Article by Dr. Kuldip Dhiman.
In The Tribune, 2 August, 2015.
“Henrik’s idea was that by removing all cars, a lot of space would be freed. “Almost 25 per cent of the total surface area of the sector is used by cars, either for driving or parking. All of this asphalt, which contributes significantly to the overheating of the city, could be removed, and instead, eco-friendly pathways for pedestrians, cycles and rickshaws could be built. These would be narrower, though still providing sufficient space for emergency vehicles,” says Henrik.”
“We are smart enough to understand how stupid we behave but we are not smart enough to do anything about it”
Henrik Valeur, 2015
Interview by Prof. Richa Sharma, Pillai College of Architecture.
In Tekton Vol. 2, Issue 1, March 2015 pp. 94 – 109.
Henrik Valeur’s career straddles three distinct cultures and this has shaped his worldview about how cities function. He sees a great potential in urbanisation leading to change, particularly in the developing world. Valeur advocates a theory of urbanisation as a means to address poverty while safeguarding the environment, this theory he describes as ‘Development Urbanisation’.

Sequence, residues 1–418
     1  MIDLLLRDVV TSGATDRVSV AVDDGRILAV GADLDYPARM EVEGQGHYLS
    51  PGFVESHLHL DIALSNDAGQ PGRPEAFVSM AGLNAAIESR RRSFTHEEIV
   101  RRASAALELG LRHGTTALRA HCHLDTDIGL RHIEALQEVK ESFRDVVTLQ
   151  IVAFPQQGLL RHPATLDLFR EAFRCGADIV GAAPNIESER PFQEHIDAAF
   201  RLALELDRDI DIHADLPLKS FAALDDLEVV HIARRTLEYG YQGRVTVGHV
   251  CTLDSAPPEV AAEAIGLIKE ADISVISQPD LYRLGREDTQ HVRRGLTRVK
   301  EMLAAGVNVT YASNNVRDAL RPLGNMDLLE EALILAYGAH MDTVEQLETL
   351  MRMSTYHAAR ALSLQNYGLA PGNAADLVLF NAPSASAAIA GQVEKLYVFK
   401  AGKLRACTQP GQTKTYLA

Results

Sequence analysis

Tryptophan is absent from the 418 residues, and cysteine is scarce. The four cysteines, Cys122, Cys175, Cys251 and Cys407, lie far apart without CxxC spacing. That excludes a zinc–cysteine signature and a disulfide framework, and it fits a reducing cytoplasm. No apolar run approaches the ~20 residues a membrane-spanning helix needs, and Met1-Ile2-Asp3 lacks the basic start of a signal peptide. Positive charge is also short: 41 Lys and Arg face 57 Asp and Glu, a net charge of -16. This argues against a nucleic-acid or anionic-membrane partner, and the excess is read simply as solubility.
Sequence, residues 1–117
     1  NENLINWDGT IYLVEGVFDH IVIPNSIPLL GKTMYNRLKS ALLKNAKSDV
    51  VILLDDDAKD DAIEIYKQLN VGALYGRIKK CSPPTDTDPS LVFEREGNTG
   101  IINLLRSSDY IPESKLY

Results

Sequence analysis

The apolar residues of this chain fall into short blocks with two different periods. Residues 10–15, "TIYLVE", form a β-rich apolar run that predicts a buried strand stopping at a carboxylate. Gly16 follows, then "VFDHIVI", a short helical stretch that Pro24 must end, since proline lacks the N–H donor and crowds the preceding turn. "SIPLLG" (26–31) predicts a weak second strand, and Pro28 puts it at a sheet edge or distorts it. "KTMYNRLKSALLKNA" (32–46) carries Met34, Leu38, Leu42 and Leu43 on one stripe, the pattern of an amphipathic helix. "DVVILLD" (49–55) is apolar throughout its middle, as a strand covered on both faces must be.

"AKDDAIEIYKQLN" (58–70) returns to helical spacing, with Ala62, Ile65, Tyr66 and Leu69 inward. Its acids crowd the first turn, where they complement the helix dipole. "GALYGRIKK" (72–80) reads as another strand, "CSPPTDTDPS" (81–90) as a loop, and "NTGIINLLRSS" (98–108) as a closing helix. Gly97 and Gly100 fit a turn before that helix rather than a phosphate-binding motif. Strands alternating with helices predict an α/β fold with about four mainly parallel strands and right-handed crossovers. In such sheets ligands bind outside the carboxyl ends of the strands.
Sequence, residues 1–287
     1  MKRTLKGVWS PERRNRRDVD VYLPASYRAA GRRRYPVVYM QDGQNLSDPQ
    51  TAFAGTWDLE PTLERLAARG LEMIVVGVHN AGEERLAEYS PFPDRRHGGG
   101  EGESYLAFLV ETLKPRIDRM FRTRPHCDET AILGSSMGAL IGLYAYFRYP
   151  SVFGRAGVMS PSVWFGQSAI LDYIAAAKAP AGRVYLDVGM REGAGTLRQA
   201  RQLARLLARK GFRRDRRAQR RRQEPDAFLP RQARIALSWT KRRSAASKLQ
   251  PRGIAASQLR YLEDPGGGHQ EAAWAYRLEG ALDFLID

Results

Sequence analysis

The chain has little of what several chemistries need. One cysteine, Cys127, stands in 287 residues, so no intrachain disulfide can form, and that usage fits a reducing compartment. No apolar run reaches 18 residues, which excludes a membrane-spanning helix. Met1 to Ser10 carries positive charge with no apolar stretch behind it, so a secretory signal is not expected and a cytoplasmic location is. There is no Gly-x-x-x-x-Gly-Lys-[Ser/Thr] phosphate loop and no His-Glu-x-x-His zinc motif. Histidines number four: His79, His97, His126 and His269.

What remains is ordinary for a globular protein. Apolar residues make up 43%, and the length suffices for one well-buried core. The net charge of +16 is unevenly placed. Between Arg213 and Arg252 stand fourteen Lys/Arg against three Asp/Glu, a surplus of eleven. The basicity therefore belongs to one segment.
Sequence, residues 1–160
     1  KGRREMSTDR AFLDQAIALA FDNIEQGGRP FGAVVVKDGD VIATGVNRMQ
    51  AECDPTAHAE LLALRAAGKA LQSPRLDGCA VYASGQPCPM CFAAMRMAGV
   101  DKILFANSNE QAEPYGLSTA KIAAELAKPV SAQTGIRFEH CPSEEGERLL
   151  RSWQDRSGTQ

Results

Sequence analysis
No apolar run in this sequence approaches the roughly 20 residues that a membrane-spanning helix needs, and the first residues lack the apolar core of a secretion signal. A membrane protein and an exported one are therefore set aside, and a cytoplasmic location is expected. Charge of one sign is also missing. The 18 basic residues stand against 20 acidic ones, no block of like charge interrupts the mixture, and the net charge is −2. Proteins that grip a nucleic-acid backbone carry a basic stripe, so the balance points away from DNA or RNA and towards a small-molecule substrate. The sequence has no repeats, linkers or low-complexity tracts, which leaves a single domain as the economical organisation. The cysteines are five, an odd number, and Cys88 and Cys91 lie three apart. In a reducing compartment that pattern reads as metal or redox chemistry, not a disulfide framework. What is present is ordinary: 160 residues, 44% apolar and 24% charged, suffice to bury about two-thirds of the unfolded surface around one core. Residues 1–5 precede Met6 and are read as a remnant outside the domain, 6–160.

Talk by Henrik Valeur at Pillai HOC College of Architecture, Rasayani, Navi Mumbai and Q&A following the same talk at Pillai College of Architecture, New Panvel, Navi Mumbai.
Talk by Henrik Valeur at Lamakaan/Hyderabad Urban Lab and Q&A following the same talk at Tata Institute of Social Science in Hyderabad.
Talk by Henrik Valeur at Centre for Policy Research, Dharma Marg, Chanakyapuri, New Delhi.
12 March 2015 at 3:45 p.m.
By Times of India
“The government’s proposal to create 100 smart cities in the country which boast of world class amenities maybe a step in the right direction, but, the use of technology-driven services is a disconcerting point, architect-urbanist and thinker Henrik Valeur said at a talk-cum-informal discussion late Wednesday evening.”